The Hungarian government accuses the opposition of enrolling Brussels to resist the Fidesz-Christian Democrat coalition, and says criticisms bear no relation to reality.
The Hungarian government has fired back at the open letter written by a former German finance minister and three former EU Commissioners, revealed exclusively on euronews, as an "obvious political attack".
The letter calls on the European Commission to turn off all money flows to Budapest until basic democratic freedoms are reinstated and corruption counteracted, full press freedom is restored, and universities and key public institutions regain their independence.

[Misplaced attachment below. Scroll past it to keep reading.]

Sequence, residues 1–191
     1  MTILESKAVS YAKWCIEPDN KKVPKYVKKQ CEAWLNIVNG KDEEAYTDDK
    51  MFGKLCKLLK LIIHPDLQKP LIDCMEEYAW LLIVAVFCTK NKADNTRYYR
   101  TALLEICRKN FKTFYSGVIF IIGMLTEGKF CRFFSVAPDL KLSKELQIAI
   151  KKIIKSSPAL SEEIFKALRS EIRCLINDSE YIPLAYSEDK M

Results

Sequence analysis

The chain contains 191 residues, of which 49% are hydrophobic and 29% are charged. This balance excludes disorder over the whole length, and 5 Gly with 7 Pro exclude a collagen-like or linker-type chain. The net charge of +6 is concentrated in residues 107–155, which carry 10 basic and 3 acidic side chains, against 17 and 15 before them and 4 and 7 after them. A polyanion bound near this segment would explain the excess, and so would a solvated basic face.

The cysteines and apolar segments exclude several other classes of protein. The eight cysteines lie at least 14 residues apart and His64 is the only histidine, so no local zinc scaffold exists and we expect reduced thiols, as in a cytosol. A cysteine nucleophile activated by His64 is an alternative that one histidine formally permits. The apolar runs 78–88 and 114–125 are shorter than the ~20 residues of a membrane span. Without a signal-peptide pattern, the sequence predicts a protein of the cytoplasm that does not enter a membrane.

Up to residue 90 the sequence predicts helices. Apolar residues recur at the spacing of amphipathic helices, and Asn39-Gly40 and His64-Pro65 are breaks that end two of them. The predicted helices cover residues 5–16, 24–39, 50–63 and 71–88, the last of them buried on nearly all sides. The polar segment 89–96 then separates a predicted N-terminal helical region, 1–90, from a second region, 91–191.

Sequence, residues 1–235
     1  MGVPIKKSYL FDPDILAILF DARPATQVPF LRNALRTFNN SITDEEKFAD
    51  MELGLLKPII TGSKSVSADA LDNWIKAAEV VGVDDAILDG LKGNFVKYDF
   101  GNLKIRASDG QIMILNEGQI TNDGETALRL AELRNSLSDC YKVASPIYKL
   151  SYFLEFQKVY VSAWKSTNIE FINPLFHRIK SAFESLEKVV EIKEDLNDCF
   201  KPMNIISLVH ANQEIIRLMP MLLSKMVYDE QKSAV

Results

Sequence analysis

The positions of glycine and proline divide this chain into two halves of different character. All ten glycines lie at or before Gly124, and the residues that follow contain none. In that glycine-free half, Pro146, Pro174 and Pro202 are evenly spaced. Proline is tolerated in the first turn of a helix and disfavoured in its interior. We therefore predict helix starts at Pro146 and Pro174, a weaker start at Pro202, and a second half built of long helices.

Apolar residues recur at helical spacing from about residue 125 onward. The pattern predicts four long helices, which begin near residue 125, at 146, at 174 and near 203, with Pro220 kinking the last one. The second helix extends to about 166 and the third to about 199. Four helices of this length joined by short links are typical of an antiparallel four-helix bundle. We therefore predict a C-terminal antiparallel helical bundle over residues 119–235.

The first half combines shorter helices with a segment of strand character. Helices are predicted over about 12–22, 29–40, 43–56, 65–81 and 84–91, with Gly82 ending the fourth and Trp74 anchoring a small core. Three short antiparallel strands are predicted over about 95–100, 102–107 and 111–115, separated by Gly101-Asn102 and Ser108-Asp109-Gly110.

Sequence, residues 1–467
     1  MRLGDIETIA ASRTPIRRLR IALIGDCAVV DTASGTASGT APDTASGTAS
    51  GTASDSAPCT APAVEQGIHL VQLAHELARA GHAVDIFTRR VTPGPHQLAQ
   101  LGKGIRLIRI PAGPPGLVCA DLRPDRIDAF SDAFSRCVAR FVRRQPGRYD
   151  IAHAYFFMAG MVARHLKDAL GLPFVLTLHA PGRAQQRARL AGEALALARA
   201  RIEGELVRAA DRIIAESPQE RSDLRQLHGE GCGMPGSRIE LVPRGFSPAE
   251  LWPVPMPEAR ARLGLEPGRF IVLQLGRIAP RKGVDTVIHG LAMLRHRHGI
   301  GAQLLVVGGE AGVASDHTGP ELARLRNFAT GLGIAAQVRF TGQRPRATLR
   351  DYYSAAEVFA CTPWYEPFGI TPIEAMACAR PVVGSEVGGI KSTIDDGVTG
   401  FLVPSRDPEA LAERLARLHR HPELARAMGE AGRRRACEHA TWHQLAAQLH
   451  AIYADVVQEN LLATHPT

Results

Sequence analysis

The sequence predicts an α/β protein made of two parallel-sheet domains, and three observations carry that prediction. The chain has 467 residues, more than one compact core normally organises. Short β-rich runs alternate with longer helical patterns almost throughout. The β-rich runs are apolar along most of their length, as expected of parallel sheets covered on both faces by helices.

The men putting their signatures to the criticisms are Germany's Hans Eichel and ex-commissioners: Pascal Lamy, Franz Fischler and Yannis Paleokrassas.
The ruling Fidesz party dismisses the claims as merely Hungary's opposition stirring up trouble in Brussels and getting the Commission to do its work for it. However Prime Minister Viktor Orban has clashed regularly with Brussels since taking office, notably on refusing to accept migrants.
"This is a political attack from the left. The liberals and the socialists, opponents of the Fidesz-Christian Democrats governing coalition, demand this from the European Commission. It doesn`t have anything to do with real life and the reality," said the Minister of the Prime Minister's Office Janos Lazar.
Orban's "Hungary First" policies and Brussels-bashing make him popular at home, but his "illiberal democracy" polices irritate his EU partners, as does his cosy relationship with fellow authoritarian, Russia's President Putin.